Disillusion, frustration, and affliction counterbalance friendship, self-discovery, and hope. Oliveira’s direction is virtuous and his vision substantiates humanity. Still, he could have included the violence theme, a major problem in Brazil, in order to make this snapshot even more authentic. Although I didn’t get completely fulfilled in the end, the film has quite a few fascinating moments and is worth seeing.

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Sauvage / Wild (2019)

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Direction: Camille Vidal-Naquet
Country: France

Abstaining from any preconception or modesty, first-time writer/director Camille Vidal-Naquet portrays a painful existence in the raw, unsentimental drama Sauvage/Wild. The story follows Léo (Félix Maritaud), a 22-year-old male prostitute with self-destructive behavior. He is impassive in the face of his decaying health as he beats the streets dirty and lascivious for small cash. Homeless and sick, he sells his body to buy drugs, but what he actually seeks is love and tenderness. Far from being a likable hero, the young protagonist is completely adrift, entangled in a downward spiral that makes him standing at the edge of an existential cliff.

Léo nurtures feelings for Ahd (Eric Bernard), the toughest of the prostitutes circling around the area, but his love is not reciprocated. Ahd is not even gay, and yet he found an older man who is taking him to Spain. It’s his chance to have a more stable life.

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Léo also gets a golden opportunity to get on the right track when someone honest gives him a hand and shows intent to stay with him. Does he have the reasoning to grab this chance and leave the streets that expose him to multiple dangers?

At once unpolished and corrosive, Sauvage/Wild is immersed in a grim reality. This character study forces us to reflect on behaviors and choices, and ultimately fear, emptiness, and loneliness.

Fueled by Maritaud’s impressive performance, this sunless tale builds something more than just sex, drugs, and rock n’ roll. In the end, it’s almost impossible not to think about the poor Léo and how he could transform his life into an easy ride.

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Lemonade (2019)

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Direction: Ioana Uricaru
Country: Romania

Identity and immigration are two intimately related topics in Romanian Ioana Uricaru’s debut feature, Lemonade, which also addresses xenophobia and abuse of power. The film’s main character is Mara (Mãlina Manovici), a thirty-something Romanian nurse and single mother, who, living in the US, struggles to make a new life for herself and her nine-year-old son, Dragos (Milan Hurduc). In five weeks, she fell in love and got married to Daniel (Dylan Smith), an American landscapist whom she treated after a severe work accident. She applied for a Green Card, but is still not allowed to work in American soil until the case is approved, what makes her financially dependent on Daniel. The process can take years and everything depends on Moji Wijnaldum (Steve Bacic), the US Immigration official that interviewed her.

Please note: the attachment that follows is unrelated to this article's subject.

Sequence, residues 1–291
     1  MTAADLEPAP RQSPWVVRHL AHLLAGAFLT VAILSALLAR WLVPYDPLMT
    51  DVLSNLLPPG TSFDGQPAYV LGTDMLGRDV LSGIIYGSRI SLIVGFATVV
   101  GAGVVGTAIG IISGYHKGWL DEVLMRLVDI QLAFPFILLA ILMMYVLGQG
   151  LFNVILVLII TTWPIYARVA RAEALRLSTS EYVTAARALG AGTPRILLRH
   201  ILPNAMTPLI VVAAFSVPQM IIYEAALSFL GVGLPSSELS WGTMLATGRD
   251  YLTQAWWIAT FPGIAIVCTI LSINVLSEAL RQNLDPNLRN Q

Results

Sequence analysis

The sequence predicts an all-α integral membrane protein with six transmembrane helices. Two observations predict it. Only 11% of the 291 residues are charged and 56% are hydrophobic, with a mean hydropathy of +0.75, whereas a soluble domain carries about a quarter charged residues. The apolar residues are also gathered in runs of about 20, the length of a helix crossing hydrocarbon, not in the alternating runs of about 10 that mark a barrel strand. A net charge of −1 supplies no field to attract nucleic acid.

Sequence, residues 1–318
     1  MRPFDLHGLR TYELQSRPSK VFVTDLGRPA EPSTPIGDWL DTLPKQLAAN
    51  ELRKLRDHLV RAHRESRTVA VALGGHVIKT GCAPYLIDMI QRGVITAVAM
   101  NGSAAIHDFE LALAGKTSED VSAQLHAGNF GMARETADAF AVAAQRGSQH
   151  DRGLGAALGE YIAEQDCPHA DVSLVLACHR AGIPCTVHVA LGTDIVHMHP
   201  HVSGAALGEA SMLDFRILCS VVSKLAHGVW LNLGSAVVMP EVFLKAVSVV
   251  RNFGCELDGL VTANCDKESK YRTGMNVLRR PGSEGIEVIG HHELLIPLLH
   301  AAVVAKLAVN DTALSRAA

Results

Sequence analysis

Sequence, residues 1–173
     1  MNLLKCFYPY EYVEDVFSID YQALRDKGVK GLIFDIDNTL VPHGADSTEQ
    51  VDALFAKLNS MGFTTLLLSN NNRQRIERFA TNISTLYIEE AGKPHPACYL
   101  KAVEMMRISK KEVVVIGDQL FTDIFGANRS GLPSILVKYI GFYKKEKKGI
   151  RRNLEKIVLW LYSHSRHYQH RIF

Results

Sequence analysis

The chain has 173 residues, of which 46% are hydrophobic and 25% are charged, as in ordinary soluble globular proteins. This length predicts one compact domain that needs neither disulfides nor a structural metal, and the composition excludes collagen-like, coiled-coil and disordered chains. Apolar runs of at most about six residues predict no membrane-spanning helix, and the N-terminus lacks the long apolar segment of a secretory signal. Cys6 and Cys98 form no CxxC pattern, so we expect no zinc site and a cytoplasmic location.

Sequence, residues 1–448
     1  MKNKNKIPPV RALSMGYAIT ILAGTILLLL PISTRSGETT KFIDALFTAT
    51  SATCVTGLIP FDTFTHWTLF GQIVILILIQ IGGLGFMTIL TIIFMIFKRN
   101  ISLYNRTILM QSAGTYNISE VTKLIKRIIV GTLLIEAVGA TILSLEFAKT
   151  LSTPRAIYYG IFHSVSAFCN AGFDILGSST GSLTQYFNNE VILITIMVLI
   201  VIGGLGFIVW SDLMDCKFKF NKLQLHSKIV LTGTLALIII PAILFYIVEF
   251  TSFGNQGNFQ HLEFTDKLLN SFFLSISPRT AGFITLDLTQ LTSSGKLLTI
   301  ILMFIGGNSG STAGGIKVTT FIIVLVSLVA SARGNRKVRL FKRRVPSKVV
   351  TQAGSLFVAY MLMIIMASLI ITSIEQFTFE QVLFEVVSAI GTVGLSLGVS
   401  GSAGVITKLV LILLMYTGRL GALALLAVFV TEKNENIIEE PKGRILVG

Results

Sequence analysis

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When the prepotent Moji calls her, mentioning a problem with her application, it was inevitable to cogitate about sexual favors. Because her son was with her, Mara gets late to the meeting and naively agrees to get in Moji’s car to be interrogated, an illegal procedure aggravated by the subsequent sexual assault. She is also informed that her husband has a record, a past case related to an offense against a minor. And because misfortunes never come singly, she finds the police at her door since her best friend, Aniko (Ruxandra Maniu), left Dragos temporarily alone at home to go to work. No need to say that serious family problems arise as soon as Daniel finds out what happened.

It’s easy for us to involve in the drama of this woman. However, the film, co-produced by celebrated writer/director Cristian Mungiu (4 Months, 3 Weeks and 2 Days; Graduation), weakens in its second half when both the inquisitiveness and uneasiness gradually fade out to give place to humiliation and legal strategy. It’s a well-acted, if too polished, exercise tinged with sadness and hope alike. Still, the valid ideas had a considerable margin for improvement.

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A Vigilante (2019)

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Direction: Sarah Daggar-Dickson
Country: USA

Despite the interesting topic, Sarah Daggar-Dickson’s directorial debut didn’t exceed my expectations, becoming a minimally involving slow-burner set in upstate New York that essentially relies on Olivia Wilde’s convincing performance to elevate it slightly above the levels of mediocrity.

After a ruining past experience that made her endure physical abuses and lose a child at the hands of a violent husband, Sadie (Wilde) found the strength to abandon the depressive state she was immersed into. She resolved to turn her life from passive to active and act fiercely against domestic abusers. Although occasionally exposed to panic attacks that contrast with the ice-cold expression she evinces while in action, the skinny Sadie prepared herself physically to apply the same brutal violence that husbands and neglecting parents use against their frightened and weaker relatives. She still attends the support group meetings that set out a whole world of physically abused women, who, despaired, don’t know how to escape their aggressors. Sadie finds relief by making them pay for their misconduct.

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After a few rescues, including a devastated kid whose brother was violently harmed by their mother, Sadie faces the worst of her nightmares: the return of her cruel husband (Morgan Spector).

The idea in this classically suspenseful story sounds a lot better than its execution. The director cooks it slow and steady, balancing the tension throughout. Yet, she never provides that spine-chilling effect one constantly seeks in a film of this nature.